And the game gets more intense as some of you might realize that Windows RT devices are also trying to kill another product and that is the … Chromebook. Why would you want a Chromebook, when you could have a Windows RT device that will rely on:

  • Internet connectivity
  • Cloud synchronization
  • Responsiveness

What’s bad and what’s good?

We’re not sure if Microsoft had this in mind, but this will hurt Chromebook’s sales, if there were some, at least. And here, I can’t help myself – if the Internet is almost everything for a Windows RT enabled device, why does it come with Wi-Fi only? I mean, come on, really? In a world where 4G is the latest and greatest and where you want to compete against the iPad (even they say they aren’t), you’re releasing a dumbed-down version of Windows 8 on a device that only has Wi-Fi? For me, this is a very, very wrong move.

And Windows RT products won’t come cheap, you can be sure about that. Microsoft is cashing quite a lot from the Windows RT licensing, word has it that even up to $95. So, when you will compare the specs of a Windows RT device with an Android one, you’ll realize that the latter will be cheaper. Will you overlook the disadvantages for the “privilege” of remaining in the Windows family? For those that have hopes, here are some key features that are found in Windows 8, as well:

  • Fluid, intuitive, and easy-to-use interface design
  • Mail, Calendar, Messaging, Photos, SkyDrive and more apps in Windows Store.
  • Internet Explorer 10
  • Touch-enabled
  • Mouse and keyboard–enabled

And here are some key features that make Windows RT different than Windows 8:

  • Continuous Windows Update and Windows Defender to make PC/tablet more secure.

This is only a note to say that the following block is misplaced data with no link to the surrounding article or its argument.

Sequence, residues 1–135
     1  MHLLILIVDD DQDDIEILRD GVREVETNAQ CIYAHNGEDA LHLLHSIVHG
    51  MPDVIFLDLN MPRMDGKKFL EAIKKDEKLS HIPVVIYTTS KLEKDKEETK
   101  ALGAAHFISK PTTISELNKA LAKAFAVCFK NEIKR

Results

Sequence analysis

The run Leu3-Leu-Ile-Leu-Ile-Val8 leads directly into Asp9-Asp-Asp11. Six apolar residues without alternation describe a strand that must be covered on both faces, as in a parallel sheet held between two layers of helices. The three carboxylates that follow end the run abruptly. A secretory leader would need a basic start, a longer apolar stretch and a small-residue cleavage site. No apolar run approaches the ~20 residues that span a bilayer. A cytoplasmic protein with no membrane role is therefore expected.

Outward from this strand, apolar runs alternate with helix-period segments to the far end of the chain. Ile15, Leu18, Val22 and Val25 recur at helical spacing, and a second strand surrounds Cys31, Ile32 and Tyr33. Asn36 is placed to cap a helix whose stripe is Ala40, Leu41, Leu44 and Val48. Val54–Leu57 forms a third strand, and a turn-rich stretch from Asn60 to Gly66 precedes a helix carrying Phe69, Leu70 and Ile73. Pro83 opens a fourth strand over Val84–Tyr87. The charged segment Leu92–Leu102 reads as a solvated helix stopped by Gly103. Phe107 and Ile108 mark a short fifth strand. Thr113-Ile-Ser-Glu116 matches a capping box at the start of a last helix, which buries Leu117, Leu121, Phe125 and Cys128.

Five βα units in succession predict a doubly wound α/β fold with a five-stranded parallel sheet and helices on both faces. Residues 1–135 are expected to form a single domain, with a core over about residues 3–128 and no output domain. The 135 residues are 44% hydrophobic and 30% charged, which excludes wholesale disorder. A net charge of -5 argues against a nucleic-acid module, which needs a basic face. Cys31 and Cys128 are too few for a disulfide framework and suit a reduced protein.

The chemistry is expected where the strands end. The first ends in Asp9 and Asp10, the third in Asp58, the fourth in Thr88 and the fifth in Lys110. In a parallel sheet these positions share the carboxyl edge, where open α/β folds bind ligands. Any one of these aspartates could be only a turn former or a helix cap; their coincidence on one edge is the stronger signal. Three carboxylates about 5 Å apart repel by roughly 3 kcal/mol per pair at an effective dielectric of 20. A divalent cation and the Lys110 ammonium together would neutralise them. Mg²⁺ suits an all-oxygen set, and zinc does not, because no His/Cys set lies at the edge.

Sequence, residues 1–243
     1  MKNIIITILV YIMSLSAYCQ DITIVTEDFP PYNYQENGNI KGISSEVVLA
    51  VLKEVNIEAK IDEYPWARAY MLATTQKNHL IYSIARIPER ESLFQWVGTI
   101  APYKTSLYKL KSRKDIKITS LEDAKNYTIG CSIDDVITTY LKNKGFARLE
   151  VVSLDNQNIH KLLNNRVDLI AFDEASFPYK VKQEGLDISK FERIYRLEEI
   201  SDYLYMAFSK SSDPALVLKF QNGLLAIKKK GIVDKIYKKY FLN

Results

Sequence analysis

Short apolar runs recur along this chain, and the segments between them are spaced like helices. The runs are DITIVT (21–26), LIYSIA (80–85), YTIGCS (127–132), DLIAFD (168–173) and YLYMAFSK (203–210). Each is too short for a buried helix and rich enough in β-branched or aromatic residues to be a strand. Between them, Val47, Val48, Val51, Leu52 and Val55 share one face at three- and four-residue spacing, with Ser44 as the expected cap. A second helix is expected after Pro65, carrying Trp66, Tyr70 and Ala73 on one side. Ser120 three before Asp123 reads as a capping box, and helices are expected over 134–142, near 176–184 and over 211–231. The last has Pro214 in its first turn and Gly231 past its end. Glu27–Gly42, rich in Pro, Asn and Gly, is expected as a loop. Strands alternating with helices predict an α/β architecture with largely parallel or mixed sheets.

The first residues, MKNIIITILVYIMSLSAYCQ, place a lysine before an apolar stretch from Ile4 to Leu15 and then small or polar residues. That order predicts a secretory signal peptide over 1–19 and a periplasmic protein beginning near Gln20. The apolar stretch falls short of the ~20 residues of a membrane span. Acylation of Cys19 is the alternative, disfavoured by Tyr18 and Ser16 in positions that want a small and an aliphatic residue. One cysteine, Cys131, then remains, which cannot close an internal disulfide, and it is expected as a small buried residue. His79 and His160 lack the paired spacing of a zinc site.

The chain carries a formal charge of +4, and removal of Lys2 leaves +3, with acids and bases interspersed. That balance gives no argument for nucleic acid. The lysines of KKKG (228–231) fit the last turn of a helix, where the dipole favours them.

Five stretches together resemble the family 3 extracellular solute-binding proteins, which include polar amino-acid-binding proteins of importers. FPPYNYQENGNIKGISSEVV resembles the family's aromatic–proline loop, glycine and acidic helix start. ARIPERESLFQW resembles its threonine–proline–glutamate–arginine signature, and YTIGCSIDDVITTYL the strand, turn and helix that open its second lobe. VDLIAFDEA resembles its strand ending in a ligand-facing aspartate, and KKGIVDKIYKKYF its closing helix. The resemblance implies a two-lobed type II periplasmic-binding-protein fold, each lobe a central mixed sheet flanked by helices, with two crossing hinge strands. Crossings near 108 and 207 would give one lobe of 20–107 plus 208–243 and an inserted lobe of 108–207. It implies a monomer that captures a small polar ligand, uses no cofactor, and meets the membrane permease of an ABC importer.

• Device encryption provides advanced data protection
  • The PC can turn on instantly with connected standby.
  • Office Home & Student 2013 RT Preview is preinstalled.

You will not be getting the following, as well in Windows 8: Media Player, Windows Media Center, HomeGroup creation (you can join an existing HomeGroup but you can’t create a new one) and Domain join. Check the table below to find more about key features that will be present or not on all three versions.


But what’s really bad about this stripped-down version of Windows 8 is the fact that even Microsoft representatives are not quite sure what are the differences between these two, some of them being quoted as saying : “they’re pretty much the same thing, there is no real huge difference besides the fact that RT is more touch friendly“. And when you realize that Microsoft is said to have a $1.5 billion budget for marketing its Windows 8 editions, you really don’t understand how can this happen.

I see it like this: Microsoft made RT to compete with the iPad and with Android tablets, they just thought Windows 8 was “too cool” for that, to a certain regard. Tablets and hybrids with Windows 8, as well as ultrabooks are something beyond the niche where the iPad is. So, when the Surface Pro will be launched, it shouldn’t be viewed as a competitor to the iPad, but rather to other Ultrabooks with high performance hardware.

For now, it is only up to your needs – a tablet with Windows RT that will hopefully get more apps in the future, one with the standard Windows 8 that will not come quite cheap or the elite Windows 8 Pro. I’ll leave you with an interesting Youtube discussion if you’re still hungry for more.


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was the Managing Editor of Technology Personalized. He now writes about Windows 10 apps and reviews them on WindowsReport. Believes that technology is the main engine of civilization. Send him a tweet or make him your Facebook friend